Tesco has denied claims by the National Beef Association that a lack of British beef on shelves around Christmas was due to it prioritising “cheap” Irish beef imports.
Consumers in south west England contacted the retailer after finding much of the beef on sale over the festive period was not British. The NBA subsequently published Tesco’s response attributing the lack of British beef available to a “better quality” Irish product.
Tesco has since said the message quoted by the NBA was “given out in error”, stressing the British beef industry offered some of the “best quality” beef, while all beef available on its meat counters was British.
“There has been absolutely no change in our approach,” said a Tesco spokesman. “The amount of British beef we offer customers has not changed. We are proud supporters of the British beef industry and always offer customers 100% British and Irish beef year round.”
However, the statement had already prompted an angry reaction from NBA chief executive Chris Mallon, who demanded the retailer make a public apology for reputational damage caused to the British beef industry. He further called out Tesco for sourcing a “cheap substitute” to British beef, which was trading at an average of 45.2p/kg more than Irish equivalents in the week ending 18 December, according to the NBA.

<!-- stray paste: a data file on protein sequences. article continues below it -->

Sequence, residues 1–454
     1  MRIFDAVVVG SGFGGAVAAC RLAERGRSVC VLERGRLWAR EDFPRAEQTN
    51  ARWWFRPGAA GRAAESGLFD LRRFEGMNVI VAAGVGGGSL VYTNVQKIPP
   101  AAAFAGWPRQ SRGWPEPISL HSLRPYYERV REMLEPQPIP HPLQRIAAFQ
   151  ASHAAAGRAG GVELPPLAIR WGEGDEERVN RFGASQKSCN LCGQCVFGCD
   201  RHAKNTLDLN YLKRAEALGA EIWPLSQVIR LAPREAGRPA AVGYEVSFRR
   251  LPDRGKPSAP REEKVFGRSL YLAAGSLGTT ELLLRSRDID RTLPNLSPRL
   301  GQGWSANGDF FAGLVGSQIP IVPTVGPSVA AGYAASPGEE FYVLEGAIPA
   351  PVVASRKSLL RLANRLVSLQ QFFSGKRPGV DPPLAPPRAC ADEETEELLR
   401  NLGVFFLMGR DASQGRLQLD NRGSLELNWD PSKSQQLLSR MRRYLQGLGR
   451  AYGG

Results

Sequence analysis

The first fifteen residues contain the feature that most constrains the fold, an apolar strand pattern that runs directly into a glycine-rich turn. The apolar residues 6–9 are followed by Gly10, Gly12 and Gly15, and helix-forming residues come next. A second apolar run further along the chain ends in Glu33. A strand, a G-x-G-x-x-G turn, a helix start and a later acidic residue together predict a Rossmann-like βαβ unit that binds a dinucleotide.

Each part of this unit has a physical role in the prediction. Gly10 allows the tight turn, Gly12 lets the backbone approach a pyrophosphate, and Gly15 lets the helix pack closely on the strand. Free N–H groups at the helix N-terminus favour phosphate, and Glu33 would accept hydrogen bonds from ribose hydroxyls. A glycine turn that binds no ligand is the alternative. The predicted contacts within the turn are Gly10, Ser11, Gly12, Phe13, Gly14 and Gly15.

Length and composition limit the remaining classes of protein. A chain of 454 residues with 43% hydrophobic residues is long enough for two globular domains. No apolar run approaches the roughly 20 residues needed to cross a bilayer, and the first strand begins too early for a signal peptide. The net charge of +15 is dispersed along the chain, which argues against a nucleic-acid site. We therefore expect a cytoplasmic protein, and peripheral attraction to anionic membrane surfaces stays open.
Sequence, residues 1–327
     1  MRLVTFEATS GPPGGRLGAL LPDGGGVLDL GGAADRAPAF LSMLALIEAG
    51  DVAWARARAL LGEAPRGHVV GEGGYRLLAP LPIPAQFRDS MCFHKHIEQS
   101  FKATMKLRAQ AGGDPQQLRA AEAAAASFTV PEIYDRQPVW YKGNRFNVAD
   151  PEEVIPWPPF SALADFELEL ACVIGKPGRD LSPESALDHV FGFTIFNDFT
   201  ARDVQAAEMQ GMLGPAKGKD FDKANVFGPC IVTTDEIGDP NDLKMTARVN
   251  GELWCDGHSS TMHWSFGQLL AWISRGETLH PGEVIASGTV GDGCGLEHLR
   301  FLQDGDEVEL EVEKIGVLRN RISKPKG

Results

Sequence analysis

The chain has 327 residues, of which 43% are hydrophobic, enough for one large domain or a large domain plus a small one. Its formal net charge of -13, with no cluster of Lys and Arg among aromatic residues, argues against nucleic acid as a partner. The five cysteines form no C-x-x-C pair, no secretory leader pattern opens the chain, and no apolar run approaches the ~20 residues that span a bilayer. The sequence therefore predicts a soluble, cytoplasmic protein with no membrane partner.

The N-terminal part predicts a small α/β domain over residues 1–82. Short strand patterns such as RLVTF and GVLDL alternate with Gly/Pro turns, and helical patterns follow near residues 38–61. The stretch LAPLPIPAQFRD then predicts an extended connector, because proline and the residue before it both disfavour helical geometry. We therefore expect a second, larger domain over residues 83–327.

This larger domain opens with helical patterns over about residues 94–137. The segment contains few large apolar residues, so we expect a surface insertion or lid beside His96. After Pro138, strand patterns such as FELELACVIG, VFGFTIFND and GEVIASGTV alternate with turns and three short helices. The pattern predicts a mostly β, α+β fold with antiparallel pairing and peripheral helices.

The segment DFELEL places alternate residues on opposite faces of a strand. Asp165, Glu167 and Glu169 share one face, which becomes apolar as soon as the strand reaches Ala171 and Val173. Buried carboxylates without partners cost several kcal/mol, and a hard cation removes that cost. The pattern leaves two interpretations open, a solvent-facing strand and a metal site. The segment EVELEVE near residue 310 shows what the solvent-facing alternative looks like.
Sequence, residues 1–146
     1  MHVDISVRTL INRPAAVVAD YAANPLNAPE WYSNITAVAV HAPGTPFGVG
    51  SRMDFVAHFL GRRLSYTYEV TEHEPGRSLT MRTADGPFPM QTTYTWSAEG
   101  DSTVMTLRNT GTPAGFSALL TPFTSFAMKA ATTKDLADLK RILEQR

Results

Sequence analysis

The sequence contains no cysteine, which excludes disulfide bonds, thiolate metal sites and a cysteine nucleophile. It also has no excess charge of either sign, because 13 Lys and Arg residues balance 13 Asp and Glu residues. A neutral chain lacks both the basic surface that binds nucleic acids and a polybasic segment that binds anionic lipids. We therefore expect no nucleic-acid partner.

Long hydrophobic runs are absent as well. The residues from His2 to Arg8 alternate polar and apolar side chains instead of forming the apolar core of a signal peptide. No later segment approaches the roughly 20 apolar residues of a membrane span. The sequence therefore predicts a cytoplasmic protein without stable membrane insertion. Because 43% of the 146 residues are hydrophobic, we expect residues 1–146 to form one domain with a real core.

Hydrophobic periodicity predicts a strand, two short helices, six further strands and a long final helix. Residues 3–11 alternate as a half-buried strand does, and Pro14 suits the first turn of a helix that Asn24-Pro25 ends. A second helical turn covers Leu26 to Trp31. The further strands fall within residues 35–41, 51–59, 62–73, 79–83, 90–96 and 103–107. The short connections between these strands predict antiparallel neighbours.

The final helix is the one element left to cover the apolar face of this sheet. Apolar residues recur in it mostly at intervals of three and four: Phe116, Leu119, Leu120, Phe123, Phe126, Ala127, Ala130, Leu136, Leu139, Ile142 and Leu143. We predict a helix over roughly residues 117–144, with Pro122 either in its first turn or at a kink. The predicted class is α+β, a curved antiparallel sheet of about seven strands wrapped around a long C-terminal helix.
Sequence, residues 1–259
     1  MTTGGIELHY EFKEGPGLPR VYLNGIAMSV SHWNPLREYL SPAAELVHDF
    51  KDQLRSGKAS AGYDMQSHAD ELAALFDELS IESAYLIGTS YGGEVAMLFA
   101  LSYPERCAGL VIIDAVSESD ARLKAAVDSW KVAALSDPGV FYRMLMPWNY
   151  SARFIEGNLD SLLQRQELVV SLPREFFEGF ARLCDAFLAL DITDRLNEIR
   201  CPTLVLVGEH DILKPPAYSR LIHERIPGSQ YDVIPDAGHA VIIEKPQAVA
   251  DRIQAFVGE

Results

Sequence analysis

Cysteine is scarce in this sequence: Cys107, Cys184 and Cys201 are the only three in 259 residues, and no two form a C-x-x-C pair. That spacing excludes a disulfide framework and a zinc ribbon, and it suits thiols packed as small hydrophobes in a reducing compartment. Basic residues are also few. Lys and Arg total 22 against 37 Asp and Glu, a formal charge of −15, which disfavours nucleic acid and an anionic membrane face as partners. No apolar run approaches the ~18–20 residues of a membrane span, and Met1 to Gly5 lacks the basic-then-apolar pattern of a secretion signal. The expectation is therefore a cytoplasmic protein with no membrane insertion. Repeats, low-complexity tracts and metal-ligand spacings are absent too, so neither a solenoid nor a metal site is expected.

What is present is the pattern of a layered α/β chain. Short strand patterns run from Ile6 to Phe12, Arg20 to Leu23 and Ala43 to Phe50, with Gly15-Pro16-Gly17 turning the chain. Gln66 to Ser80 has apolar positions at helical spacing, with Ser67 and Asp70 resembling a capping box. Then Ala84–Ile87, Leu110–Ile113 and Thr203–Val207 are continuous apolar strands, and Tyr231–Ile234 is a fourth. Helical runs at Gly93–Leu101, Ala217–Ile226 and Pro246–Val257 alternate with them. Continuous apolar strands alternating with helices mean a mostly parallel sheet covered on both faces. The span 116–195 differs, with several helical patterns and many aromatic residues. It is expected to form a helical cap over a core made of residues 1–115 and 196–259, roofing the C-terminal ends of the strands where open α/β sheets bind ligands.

“It is shameful for Tesco to blame the quality of British product for its absence on Tesco shelves,” said Mallon.
“The real reason is its buying policy prioritises cheapest first. It shows a complete disregard for Tesco’s UK suppliers to put out statements falsely informing consumers that British product is inferior.
“As we move to post-Brexit trading, the Tesco cheapest first policy will be destructive to British farmers and consumers. Its policy will reduce choice as British producers leave the industry after it has been swamped with food produced under standards unacceptable in the UK.”
It comes as data from the AHDB’s latest Beef & Lamb watch summary from November revealed that the amount of British beef on Tesco’s shelves had fallen by 11% compared with a year ago.
Mallon added that none of the beef producers he spoke to had experienced issues with quality in the run up to Christmas.
This is not the first time Tesco has fallen foul of UK meat producers over its sourcing of imported alternatives. It was “accused of shying away” from British lamb support last August, after British lamb facings in the retailer fell by 15% year on year [AHDB Beef & Lamb watch June 2017].
However, the retailer defended its sourcing policy, saying it was a “proud supporter” of the British lamb industry.
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